Research shows that a high percentage of projects take significantly longer than expected and cost more than anticipated. Moreover, if you ask people for an estimate of how long a task will take them to complete, their estimate will usually be overly optimistic.
Sometimes, if you bring in extra people to help with a task, that actually slows down progress instead of accelerating it. Why is this so? And what can you do about it? In this course, from Linda K. Nozick, Director and Professor of Civil and Environmental Engineering at Cornell, you will examine these questions. Students will identify strategies to integrate resource availability constraints into project planning, scheduling, and control.
This course is designed for project managers who seek better practical results for aligning available resources with tasks and bringing activities to completion on time. Students will examine compression strategies for bringing a project that's running late back on track and will explore how to handle common types of project creep, such as handling customer requests that require extra time, and working with team members who decide independently to invest extra effort in a task.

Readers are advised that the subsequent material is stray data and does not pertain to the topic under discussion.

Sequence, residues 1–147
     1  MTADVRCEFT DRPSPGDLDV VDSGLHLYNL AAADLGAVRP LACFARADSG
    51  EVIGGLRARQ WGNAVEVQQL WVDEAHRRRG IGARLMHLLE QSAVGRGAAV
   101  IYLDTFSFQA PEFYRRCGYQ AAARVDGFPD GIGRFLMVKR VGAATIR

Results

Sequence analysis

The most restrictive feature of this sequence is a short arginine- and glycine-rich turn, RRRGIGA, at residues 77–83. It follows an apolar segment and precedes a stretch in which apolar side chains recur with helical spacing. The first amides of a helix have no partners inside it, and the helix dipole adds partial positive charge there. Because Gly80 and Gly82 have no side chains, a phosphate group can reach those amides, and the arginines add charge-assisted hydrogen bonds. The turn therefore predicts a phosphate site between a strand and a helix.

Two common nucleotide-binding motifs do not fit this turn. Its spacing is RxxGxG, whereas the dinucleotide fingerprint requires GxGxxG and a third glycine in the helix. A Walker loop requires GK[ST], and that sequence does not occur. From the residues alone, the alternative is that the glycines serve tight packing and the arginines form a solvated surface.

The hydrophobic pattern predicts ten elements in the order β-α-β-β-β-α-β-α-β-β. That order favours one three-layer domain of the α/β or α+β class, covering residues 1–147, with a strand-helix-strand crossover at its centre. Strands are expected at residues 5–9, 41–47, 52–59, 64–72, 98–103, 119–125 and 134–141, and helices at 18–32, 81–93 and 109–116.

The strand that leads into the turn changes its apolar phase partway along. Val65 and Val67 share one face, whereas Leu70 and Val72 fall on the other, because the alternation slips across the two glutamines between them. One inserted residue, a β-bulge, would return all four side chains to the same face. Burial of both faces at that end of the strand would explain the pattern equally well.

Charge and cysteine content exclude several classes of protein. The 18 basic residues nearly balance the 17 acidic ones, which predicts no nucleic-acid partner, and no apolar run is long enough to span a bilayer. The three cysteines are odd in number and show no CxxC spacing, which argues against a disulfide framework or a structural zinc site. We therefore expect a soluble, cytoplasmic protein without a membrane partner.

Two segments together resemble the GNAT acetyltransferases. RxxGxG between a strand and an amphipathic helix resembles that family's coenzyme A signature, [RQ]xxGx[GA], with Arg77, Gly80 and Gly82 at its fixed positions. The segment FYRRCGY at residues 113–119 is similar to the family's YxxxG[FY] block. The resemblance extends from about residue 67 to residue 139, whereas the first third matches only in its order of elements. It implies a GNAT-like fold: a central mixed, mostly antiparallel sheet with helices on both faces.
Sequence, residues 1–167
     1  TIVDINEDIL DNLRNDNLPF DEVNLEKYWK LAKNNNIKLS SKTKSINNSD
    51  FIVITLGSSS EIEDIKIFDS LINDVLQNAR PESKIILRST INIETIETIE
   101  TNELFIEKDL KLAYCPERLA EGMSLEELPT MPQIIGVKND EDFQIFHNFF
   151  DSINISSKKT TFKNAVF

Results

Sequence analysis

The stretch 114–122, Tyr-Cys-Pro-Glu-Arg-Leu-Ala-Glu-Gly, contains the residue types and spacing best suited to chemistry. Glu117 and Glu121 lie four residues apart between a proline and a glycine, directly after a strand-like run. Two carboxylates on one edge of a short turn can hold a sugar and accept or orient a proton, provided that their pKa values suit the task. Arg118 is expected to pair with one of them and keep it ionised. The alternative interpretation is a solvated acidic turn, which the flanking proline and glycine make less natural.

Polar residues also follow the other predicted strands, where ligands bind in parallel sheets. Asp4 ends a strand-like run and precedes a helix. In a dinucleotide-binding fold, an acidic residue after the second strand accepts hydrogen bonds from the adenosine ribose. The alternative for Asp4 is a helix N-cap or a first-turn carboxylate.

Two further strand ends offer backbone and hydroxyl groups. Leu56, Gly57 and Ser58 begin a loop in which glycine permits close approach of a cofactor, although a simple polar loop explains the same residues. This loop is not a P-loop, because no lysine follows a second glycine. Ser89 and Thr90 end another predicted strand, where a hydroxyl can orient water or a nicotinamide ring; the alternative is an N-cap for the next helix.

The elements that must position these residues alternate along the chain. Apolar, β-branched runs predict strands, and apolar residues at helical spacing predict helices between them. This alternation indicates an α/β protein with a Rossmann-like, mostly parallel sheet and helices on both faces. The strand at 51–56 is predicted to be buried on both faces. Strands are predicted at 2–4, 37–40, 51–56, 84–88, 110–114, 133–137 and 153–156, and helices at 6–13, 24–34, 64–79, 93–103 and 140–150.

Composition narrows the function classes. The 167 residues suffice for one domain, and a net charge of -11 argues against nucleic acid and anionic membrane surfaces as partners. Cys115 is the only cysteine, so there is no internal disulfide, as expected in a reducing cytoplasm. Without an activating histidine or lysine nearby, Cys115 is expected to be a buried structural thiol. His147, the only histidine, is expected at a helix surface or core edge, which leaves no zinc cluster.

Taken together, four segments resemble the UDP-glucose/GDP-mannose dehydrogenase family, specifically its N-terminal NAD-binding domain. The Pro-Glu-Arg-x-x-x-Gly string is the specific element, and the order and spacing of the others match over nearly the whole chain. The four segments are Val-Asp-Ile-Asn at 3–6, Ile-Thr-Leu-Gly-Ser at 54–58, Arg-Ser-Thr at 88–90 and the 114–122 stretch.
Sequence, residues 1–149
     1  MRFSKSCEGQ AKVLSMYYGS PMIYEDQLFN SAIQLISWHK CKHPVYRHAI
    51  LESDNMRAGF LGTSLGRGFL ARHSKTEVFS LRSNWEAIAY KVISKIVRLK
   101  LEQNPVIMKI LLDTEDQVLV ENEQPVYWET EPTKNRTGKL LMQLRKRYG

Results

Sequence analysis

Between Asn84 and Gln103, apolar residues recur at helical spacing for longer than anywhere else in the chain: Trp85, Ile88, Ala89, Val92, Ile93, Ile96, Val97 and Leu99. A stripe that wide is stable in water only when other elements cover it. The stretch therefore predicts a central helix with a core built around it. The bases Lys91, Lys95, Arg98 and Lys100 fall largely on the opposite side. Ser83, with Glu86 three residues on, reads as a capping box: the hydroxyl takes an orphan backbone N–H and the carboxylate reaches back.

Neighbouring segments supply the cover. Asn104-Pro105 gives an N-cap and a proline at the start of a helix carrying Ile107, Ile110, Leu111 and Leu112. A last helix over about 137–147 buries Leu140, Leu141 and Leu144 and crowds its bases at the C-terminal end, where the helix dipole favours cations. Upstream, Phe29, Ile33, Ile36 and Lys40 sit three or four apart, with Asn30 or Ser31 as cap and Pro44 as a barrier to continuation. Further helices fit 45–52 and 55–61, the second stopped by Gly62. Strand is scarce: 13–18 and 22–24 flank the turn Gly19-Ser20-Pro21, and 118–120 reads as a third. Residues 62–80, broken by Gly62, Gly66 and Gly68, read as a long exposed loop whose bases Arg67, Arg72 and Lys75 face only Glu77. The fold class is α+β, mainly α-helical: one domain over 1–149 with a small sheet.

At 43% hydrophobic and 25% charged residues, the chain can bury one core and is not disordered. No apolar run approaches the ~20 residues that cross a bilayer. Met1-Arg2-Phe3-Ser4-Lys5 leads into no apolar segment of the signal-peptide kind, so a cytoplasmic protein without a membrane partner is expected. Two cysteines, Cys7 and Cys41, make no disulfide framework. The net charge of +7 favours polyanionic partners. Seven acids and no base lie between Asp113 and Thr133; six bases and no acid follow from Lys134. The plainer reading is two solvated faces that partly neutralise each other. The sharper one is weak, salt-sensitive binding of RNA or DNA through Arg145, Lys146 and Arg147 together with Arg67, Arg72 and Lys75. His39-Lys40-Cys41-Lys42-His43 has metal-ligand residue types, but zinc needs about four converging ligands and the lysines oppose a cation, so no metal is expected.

This course combines a focus on formal project management mechanisms with an emphasis on the human element: what can project managers do to resolve issues brought about in the normal course of working with customers, team members, and stakeholders?It is recommended to take Organizing the Project and Its Components prior to this course or have equivalent experience.
- Use strategies to deal with overly optimistic estimates
- Assess the appropriate considerations and project attributes in deciding how much to level a schedule
- Perform resource leveling
- Identify critical resources for a project
- Make sound decisions as to whether (or not) to crash specific activities or to fast-track them to support schedule compression analysis
- Use strategies for mitigating scope-, hope-, effort- and team-member scope creep